What Does The Future Of Accounting Mean For Bookkeepers?

SOB FacultyCloud Accounting, Marketing, Practice Development1 Comment

When I was at the QuickBooks Connect conference earlier this year I sat in on the prep lecture given by Michelle Long on the QuickBooks Online Advanced Certification. Most of the QuickBooks Online Advanced Certification prep was what I expected and a fair amount of review for me as I know the product well.

Then something caught my attention. I am sure my mind had wandered about 1MM miles away. No reflection on Michelle – she was fantastic as always. That’s just me. As my mind returned to the room and as if the room were coming back into focus I realized something.

Michelle was talking ratio analysis! What on earth does this have to do with QBO? Was there a new ratio analysis feature I was not aware of? Nope. I checked. It took a few minutes and then it hit me. This is the future of accounting for bookkeepers.

As we move more and more to the cloud, we move more and more in the direction of near zero data entry. In the future of accounting There seems to be less and less for the bookkeeper to do. If you look up “bookkeeping,” depending on the source you should get some variation on the theme of “entering financial transactions” as the definition of what bookkeeping means. Of course this is broad and doesn’t nearly do it justice but insofar as it underscores the core function, what does this imply about the future of accounting for bookkeepers?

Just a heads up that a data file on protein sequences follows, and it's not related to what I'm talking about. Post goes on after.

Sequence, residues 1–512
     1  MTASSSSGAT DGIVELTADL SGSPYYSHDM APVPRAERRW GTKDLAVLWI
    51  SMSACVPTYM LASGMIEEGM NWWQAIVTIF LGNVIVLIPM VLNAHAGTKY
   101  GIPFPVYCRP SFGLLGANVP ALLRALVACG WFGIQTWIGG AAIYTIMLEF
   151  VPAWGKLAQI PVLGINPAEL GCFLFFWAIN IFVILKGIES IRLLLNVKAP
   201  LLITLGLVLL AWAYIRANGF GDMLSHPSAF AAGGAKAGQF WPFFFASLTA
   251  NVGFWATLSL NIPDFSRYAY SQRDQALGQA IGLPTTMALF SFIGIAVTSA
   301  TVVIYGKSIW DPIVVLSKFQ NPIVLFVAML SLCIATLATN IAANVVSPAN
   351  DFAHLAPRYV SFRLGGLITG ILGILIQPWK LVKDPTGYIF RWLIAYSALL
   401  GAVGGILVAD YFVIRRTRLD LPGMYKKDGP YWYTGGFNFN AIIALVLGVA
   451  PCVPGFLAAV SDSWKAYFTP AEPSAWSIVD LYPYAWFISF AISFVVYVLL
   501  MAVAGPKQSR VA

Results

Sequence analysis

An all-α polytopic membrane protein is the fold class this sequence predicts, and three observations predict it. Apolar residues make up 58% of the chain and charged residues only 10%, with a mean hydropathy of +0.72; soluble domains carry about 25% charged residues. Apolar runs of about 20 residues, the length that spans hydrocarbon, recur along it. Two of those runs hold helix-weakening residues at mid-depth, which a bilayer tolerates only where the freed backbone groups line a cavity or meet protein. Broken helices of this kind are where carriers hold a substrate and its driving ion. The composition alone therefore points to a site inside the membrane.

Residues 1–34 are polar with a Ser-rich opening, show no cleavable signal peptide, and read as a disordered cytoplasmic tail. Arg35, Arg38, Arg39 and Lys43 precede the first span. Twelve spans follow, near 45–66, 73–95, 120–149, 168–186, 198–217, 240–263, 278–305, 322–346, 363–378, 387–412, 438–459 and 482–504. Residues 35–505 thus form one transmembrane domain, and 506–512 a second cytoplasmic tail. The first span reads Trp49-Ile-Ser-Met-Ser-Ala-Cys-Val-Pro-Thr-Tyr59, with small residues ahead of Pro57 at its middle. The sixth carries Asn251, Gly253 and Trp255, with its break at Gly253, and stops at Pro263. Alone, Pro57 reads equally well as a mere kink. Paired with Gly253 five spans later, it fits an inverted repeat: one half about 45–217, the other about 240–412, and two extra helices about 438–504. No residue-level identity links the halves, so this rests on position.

In the future of accounting, the role of the bookkeeper is changing, and with that we are going to see a new definition of “bookkeeping” come into play. Some bookkeepers will be on board with the change. They will embrace it, learn the new skills needed and be rocketed into the 4th dimension of bookkeeping as we know it. The rest will be looking for a new career.

This is why Michelle was talking about ratio analysis. In his Keynote at Solutions14, Doug Sleeter mentioned that in the future of accounting, accounting and bookkeeping professionals will want to specialize. You have to become a value enhancer. He also said that we were going to have to learn faster than the rate of change, and to really come out on top you will want to learn faster than your competition. Oh and by the way, the competition is increasing because the landscape is changing. It might be more accurate to say that the “landscape” is going away. With the very same cloud technology that is causing us to redefine the term “bookkeeping” we are also redefining whom we can work with and where they are. You might be living in (eg) Fla but you can easily work with a business here in Burbank, CA (my backyard) because the geographical boundaries have been dissolved by “The Cloud.”

The reason Michelle long was talking about ratio analysis is the same reason that Doug Sleeter mentioned that we have to specialize and become value enhancers. I was never previously a fan of specializing. In fact I have always felt strongly that with a few exceptions, once you understand the accounting fundamentals you can apply them to any industry and from there it’s a matter of figuring out the logistics and understanding the nomenclature for a particular industry.